<img ALIGN=middle src="" 
   <img ALIGN=middle src="">
<H1><FONT SIZE=+7>GENERIC</FONT><B>R dictionary web service</H1>

The form definition starts here.

  <P>To look up for a word fill the text field below and click in the 
button "Submit". 
You can search by prefixes by adding the character "*" at the end of 
the entry.<B>R
  <TD ALIGN=CENTE>REntry to look up <INPUT TYPE="text" NAME="Entry" VALUE="" 
<OPTION VALUE="2">Fran&ccedil;ais-Malais
<OPTION VALUE="3">English-Malay
<OPTION VALUE="1">informatique Fran&ccedil;ais-Anglais-Malais

The Submit button is defined here.

One hidden item giving the name of the form we are in.
<INPUT TYPE=HIDDEN NAME="FormName" VALUE="web-generic-ds.html">
The form definition ends here.

Some links to specific dictionary forms are presented here.
Or if you prefer, you can go to specific form for each of these dictionaries. 

These forms allows filtering. <B>R
<A HREF="">Fran&ccedil;ais-Malais</A> 
<A HREF="">English-Malay</A> -
<A HREF="">informatique Fran&ccedil;ais-Anglais-Malais</A> 

The signature ends the page.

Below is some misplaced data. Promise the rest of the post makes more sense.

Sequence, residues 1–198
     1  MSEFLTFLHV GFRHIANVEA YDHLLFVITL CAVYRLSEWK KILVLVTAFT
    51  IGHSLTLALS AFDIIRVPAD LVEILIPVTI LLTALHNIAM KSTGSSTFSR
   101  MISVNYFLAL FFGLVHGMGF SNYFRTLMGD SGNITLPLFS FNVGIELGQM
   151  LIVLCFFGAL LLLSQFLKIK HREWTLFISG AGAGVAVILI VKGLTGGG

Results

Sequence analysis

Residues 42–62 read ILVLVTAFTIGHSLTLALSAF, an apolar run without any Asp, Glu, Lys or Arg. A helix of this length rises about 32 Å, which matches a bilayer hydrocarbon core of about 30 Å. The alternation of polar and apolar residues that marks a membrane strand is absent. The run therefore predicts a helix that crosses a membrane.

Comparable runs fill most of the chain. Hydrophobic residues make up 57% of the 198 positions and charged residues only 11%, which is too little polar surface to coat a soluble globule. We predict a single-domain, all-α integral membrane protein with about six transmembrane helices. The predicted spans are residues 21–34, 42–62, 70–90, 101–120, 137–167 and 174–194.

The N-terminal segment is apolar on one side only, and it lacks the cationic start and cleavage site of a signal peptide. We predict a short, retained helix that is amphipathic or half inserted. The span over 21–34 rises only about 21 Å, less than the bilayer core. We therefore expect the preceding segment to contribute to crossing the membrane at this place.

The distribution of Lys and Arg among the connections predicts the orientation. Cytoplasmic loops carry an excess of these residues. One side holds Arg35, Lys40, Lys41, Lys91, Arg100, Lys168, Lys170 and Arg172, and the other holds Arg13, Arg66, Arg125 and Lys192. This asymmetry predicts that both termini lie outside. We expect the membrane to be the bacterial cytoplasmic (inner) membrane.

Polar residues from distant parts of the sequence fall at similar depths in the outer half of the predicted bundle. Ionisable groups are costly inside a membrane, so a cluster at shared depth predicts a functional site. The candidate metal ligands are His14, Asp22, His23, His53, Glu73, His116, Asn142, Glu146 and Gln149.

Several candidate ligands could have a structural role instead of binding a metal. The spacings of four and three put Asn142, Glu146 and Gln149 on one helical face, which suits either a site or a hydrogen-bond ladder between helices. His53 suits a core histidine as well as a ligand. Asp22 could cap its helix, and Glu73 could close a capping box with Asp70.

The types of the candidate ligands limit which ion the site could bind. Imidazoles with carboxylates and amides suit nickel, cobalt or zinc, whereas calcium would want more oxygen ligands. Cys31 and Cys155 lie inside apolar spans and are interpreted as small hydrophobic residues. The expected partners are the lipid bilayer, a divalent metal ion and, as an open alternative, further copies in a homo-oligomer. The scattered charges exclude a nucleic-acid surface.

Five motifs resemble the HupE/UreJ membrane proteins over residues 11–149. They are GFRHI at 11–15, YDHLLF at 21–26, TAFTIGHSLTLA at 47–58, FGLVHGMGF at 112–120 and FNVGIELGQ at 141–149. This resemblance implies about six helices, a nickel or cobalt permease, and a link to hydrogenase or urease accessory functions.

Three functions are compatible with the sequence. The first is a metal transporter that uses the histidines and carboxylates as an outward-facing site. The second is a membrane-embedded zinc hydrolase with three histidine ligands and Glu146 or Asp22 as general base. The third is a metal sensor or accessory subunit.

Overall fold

<P><IMG ALIGN = MIDDLE src=""></br>
<FONT SIZE = 1> Last revision 24/11/95 - ALEXv1.84 - wALEXv0.8  <IMG 
<A HREF="">mathieu lafourcade</A> -
<A HREF="">GETA</A>-<A HREF="">IMAG</A> | 
<A HREF="">csUSM</A>-<A>UTMK</A> <IMG SRC=""> 

 Thanks to: Jon Wiederspan for CGI, all the FEM staff
for the dictionaries, USM dan UTMK, IMAG and GETA, and every person who 
gave me some feedback.

Opening Pandora’s Box

How does the information get from the browser to the server to the Dictionary Service? In form-based queries, there are two methods (POST and GET) for submitting the data to the gateway script. We use only POST, as recommended by NCSA. POST (unlike GET) is not limited in the amount of information you can pass with a form.

A gateway script is needed on the server side to decode these arguments, process the query, and return an answer. In our case we have MacHTTP (the server application) and our MCL-based application, ALEX (which serves dictionary data). We have tested two different architectures for connecting MacHTTP to ALEX.